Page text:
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How can we navigate the global food crisis with emerging technology?

14 Dec 2023

While there continues to be a dramatic imbalance in the world’s food supply, food futurist Tony Hunter explores how tech innovations could help tip the scale in the right direction.

One of the most critical challenges our society faces is inequality in our food system. While estimates from the World Food Programme suggest that as many as 783m people are facing chronic hunger, there continues to be a huge amount of food waste happening in other parts of the world.

The UN estimates that around 13pc of food produced is lost between harvest and retail, while another 17pc of food production is wasted in households, in the food service industry and in retail. While this inequality is happening, the global population is growing, putting pressure on food producers to meet demand in certain areas of the world, while the food poverty gap widens. Not to mention the climate problems that come with increased food waste.

So what does all this mean for our future? And can technology and innovations in the food industry play a role in fighting any of these societal challenges?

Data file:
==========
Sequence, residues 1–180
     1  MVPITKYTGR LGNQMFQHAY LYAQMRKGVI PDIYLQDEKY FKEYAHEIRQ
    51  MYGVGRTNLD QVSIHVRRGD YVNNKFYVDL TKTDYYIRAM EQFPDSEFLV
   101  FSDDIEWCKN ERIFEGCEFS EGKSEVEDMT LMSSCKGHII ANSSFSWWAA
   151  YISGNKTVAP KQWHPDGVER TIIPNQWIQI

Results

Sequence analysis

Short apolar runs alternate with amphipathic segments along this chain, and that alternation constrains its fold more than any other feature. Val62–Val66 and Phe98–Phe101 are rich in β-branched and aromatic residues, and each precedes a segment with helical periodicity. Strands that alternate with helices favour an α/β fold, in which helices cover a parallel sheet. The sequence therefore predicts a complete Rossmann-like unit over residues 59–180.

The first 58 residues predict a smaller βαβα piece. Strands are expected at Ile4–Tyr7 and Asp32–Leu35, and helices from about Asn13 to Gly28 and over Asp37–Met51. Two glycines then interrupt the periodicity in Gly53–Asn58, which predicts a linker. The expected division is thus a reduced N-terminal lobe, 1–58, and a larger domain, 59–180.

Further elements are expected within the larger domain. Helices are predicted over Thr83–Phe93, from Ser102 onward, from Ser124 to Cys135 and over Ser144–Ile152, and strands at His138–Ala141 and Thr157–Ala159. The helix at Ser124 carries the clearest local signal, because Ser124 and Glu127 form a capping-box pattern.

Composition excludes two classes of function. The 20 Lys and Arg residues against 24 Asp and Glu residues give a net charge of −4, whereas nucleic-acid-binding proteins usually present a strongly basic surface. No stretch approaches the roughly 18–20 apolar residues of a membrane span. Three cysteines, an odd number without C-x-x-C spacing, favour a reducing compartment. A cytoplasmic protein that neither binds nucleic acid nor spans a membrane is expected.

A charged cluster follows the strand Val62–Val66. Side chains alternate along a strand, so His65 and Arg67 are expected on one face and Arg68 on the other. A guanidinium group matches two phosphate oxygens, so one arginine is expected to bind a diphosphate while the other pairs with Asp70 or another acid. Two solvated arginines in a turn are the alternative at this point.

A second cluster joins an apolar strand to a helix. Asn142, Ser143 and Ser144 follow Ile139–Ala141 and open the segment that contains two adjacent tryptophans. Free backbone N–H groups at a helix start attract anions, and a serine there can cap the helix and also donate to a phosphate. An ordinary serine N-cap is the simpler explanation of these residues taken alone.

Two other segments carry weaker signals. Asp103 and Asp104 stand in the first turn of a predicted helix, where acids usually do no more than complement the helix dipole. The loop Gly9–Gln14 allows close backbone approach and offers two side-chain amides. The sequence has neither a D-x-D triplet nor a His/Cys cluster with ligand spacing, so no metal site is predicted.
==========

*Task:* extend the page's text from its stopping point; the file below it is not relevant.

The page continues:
‘You can grow food where there’s no arable land and very, very little fresh water’

“I believe there is no problem on the planet that cannot be solved by the proper use of technology,” said Tony Hunter.

With a background as a food scientist and more than three decades of experience in the food industry, Hunter is a self-proclaimed food futurist. He said that when it comes to solving the global food crisis, it’s not as simple as reducing production in areas where there’s too much waste and moving it to places that are suffering from food insecurity.

“There is the world as we would like it to be and there is the world as it is. In the world as it is, there’s not enough food. That’s the end of the story. And I think if we look at trying to reduce things like food waste… [it] is going to take generational change. We don’t have generations to wait,” he said.

“We have many technologies at our fingertips which can manufacture food with little or no arable land and fresh water, little or no pollution in terms of run-off or greenhouse gas emissions. If we look at using those technologies, we can create a world of food abundance without breaching planetary boundaries. But we need to apply those technologies correctly.”

Using tech to feed the masses

The food-tech industry is a growing sector that does exactly what it says on the tin – utilises technology to reshape the world’s food system. There are several start-ups around the world working in this space to create a more sustainable and efficient food supply chain at every stage, from agritech and processing to delivery and restaurant tech.

In Ireland for example, FloWaste (now known as FloVision Solutions) is a start-up that is using computer vision to see an end to food waste. In Finland, Solar Foods is a food-tech company working on creating a protein alternative using only renewable electricity, water and air.